API Tank Inspection

How to know if you are meeting API 653 Inspection Standards?

Although storage tanks and containers are made to last longer, they are vulnerable to corrosion. Most aboveground storage tanks are made of stainless steel or metal, which contain highly corrosive materials. Over time, the caustic materials used in the tank can degrade the tank’s quality and leak to its breakdown. API tank inspection services play a crucial role in detecting any potential tank failures that can cause harm to the facility, personnel, and biodiversity. Regular tank inspections also help the facility owner or operator prevent full-blown disasters like fire, ruptures, explosions, and leakage.

The first step to any tank inspection is to know what to look for.

Tank inspection standards

Currently, there are many codes and standards that work as a guideline for facility owners and tank inspections when conducting the assessment. The standards also allow facility owners to identify what measures they should take while inspecting tanks. The API (American Petroleum Institute) has written done codes that help inspectors to identify potential risks. The API 653 standard is one such standard that dictates the minimum requirements for the maintenance of in-service tanks. The API 653 standard also addresses issues like relocation, repair, reconstruction, alteration, and inspection.

Tank inspections can only be conducted by inspectors who are trained, certified, and licensed. Professionals with extensive experience working with storage tanks are required to pass the API examination to qualify as tank inspectors. The tank inspector assesses various storage tanks’ components like tank location, spill control, vaults, etc. Besides this, tank inspections also include tank integrity testing wherein the tank structure and the shells, roofs, tank bottom are also evaluated. Corrosion analysis and settlement assessment are also integral aspects of API tank inspection. Such Tank assessments allow the experts and facility operators to identify possible leaks into the groundwater, monitor corrosion rates, or determine areas that require repair. Regular tank testing also prevents the risk of tank failures that may lead to oil spills, rupture, explosion, or contamination.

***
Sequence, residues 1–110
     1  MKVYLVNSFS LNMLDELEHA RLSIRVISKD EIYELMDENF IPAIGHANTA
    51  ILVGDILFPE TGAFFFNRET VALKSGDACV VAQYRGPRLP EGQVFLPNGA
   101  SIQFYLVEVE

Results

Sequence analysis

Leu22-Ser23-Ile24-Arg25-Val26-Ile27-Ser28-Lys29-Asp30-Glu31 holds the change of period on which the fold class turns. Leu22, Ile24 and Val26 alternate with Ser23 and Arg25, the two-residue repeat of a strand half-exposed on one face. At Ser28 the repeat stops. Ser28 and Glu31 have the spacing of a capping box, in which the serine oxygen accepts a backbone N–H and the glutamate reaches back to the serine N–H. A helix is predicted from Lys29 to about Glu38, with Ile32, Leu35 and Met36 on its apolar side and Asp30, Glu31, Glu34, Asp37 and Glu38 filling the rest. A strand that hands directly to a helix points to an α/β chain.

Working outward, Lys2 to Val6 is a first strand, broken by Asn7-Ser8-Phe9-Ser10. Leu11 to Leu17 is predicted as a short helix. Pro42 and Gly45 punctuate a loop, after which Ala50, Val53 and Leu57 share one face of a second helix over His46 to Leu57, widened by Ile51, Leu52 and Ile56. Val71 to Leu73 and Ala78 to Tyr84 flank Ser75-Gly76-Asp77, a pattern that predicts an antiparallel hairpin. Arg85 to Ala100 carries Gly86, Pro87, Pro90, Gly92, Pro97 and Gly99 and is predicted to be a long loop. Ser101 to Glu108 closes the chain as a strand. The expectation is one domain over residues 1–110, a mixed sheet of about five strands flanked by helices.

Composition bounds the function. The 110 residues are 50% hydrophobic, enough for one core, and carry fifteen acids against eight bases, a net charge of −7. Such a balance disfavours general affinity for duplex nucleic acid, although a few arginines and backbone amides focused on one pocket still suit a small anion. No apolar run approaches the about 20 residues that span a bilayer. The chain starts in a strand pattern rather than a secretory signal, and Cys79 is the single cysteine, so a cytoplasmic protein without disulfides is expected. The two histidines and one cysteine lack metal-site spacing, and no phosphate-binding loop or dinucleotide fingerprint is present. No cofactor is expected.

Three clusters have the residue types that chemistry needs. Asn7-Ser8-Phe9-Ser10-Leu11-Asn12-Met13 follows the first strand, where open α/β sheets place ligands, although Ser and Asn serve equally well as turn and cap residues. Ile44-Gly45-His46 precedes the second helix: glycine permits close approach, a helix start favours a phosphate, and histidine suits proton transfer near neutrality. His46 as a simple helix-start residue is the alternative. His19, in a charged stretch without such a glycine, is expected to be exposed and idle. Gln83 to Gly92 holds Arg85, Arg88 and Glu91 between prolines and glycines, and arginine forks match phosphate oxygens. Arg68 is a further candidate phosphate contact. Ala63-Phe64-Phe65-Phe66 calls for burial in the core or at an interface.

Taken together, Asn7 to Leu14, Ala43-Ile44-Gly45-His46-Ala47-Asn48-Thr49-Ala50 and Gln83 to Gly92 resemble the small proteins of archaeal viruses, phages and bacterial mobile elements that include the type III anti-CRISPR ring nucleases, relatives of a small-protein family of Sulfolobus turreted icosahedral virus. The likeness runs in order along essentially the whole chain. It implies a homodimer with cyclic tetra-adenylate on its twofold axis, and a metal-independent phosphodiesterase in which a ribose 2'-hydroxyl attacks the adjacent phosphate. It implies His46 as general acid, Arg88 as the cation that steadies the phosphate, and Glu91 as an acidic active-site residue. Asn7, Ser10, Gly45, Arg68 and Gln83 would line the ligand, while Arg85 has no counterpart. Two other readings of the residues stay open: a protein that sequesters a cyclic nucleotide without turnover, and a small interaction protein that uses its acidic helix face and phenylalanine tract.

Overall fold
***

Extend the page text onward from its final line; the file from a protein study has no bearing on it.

According to the guidelines set by the American Petroleum Institute, tank inspections should be conducted at a specific interval. Internal inspections should be conducted once every five years. Such examination can be performed by anyone who is knowledgeable enough to inspect the tanks and identify potential issues.

External tank inspections should be performed at every five-year interval by certified API 653 inspectors.

The facility owner and operators are required to get their storage tanks inspected by licensed API 653 training course every ten years. Apart from regular tank inspections, the facility owner should keep a log of past inspections and maintenance. The plant operator is also tasked with keeping a record of all the follow-up actions taken to address the inspection problems.

Internal and external tank inspections should be focused on examining high-risk areas like roofs, shells, welds, and piping since they are more likely to corrode. Inspectors are also required to look for signs of tank failures like bottom and roof corrosion, leakage, or rupture that can pose a further threat to the tank’s integrity. …